Friday, April 26, 2013

Why Did Nashville Succeed and Not Smash?


Have you noticed that most critics and TV people compare the two shows “Dallas” and “Nashville” when talking about them in articles? One can assume this is because they are two southern cities in the title and came out around the same time.  I watched “Dallas” up until JR Ewing died, but sort of let it go after that. However – I do still keep up with “Nashville”.

I sort of think that comparison isn’t fair because the shows are very different. If we want to compare two shows currently on…we should look at “Nashville” and “Smash”. Both use a creative industry as the background of the stories they choose to tell. One is more main-stream in that many people across America listen to country music. The other is truly a niche market because it deals with the theater world in New York City.

I have to admit: I should absolutely love “Smash” because of all that it is and all that I have been my entire life. I’m all about musical theater and that’s the setting for this show. And I have tried these first two seasons to love it – sadly, I’m not the only one that feels that way. Ratings have not been good (4 million more people watch "Nashville" than "Smash") and NBC has moved it around and has decided to air the finale as a two hour special on the Sunday night of Memorial Day weekend (not the best time-slot). I guess fans should be happy they are getting an ending to it as network television has no problem nowadays cancelling a show and never letting us know what happens to the characters we have grown to love.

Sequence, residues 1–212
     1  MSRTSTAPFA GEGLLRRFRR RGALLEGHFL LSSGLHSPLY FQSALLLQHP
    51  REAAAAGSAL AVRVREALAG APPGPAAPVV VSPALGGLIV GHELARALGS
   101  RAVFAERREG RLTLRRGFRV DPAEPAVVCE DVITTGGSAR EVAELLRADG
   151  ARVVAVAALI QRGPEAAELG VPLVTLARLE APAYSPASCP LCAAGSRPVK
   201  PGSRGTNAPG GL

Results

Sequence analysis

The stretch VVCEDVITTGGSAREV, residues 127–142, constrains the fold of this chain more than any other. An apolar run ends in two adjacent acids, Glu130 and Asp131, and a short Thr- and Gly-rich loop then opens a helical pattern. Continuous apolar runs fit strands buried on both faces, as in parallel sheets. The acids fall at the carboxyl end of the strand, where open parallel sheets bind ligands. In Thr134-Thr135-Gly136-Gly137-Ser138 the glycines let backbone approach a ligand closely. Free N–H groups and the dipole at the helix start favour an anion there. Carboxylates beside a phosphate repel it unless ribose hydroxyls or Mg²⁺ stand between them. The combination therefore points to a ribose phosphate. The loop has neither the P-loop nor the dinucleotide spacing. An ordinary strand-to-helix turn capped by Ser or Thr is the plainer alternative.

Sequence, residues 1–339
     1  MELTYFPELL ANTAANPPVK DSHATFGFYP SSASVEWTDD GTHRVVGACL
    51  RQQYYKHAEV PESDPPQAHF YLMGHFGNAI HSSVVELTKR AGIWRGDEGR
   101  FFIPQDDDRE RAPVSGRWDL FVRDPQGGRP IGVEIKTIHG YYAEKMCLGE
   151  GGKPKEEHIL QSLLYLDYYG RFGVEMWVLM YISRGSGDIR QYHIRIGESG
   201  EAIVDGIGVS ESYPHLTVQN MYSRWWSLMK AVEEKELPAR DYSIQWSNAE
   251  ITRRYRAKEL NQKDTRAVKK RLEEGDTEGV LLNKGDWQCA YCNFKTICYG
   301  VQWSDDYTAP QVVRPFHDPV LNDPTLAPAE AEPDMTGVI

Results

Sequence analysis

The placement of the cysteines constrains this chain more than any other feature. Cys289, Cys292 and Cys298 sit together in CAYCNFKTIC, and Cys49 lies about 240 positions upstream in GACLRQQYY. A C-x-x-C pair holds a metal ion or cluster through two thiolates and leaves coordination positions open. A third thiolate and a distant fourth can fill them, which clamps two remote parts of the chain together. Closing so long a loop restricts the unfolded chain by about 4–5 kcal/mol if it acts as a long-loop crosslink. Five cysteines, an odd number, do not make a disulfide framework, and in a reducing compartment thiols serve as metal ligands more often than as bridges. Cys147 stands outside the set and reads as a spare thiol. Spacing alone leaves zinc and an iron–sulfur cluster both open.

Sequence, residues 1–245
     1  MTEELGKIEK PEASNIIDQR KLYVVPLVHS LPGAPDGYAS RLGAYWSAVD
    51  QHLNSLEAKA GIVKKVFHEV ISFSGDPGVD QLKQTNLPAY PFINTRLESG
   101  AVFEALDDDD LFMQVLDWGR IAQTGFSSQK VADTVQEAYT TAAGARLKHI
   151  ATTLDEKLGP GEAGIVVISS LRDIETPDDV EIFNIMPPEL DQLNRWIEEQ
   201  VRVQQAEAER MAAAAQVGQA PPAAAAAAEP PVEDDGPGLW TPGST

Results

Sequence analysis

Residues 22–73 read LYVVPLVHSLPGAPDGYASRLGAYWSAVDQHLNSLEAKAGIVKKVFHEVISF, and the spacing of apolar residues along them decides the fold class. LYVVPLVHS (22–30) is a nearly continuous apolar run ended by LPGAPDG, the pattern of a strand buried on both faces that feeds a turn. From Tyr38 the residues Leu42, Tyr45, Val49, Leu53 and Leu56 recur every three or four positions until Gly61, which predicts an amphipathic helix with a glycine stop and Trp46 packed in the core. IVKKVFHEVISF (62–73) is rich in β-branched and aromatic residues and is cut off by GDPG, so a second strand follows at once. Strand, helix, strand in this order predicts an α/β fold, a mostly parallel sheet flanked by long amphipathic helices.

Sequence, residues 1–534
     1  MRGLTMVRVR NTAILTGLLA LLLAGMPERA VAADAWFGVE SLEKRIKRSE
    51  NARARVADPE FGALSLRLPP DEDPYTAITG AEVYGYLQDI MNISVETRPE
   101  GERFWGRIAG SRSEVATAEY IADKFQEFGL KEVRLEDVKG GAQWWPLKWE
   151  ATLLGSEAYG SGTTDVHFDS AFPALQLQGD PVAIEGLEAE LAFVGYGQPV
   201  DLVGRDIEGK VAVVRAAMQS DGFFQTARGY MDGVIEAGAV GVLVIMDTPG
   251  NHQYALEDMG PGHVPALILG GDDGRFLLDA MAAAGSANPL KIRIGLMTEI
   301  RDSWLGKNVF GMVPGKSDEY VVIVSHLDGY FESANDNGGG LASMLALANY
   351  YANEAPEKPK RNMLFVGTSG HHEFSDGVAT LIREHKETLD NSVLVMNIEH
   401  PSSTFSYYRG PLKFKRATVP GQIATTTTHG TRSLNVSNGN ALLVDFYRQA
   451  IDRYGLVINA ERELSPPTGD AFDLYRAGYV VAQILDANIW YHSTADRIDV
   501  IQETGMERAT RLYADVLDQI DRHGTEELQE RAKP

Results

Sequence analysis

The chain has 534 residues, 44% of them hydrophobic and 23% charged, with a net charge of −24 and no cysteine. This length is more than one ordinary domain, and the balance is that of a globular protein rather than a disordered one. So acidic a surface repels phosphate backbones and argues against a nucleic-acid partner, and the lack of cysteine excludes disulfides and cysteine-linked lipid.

What did “Nashville” do that was right that “Smash” couldn’t tap into? I love the music on both shows, yet the stories and characters on “Nashville” simply pull me in much more than those on “Smash”. Both shows have performers at odds with each other, both have people sleeping around within the industry and both give us drama (with a capital D).  But there is something in the writing of the Music City Capital tale that makes me care about these people when the other has me longing for another song by Marc Shaiman and Scott Wittman.  


I'm sure I'll tune into the finale in a month to see what becomes of Ivy and Karen, but I know it won't affect my summer with its departure. I wish viewers could have cared more about what happens in the making of a Broadway musical (and I really wish they'd just write Bombshell and get it on stage) - but for a story that makes me feel something; I'll continue to tune into ABC to see if country superstar Rayna James ever gets back together with her first love Deacon. (Of course - that's until ABC decides they are not pulling in enough viewers and replaces it with a Celebrity D-List reality show.)


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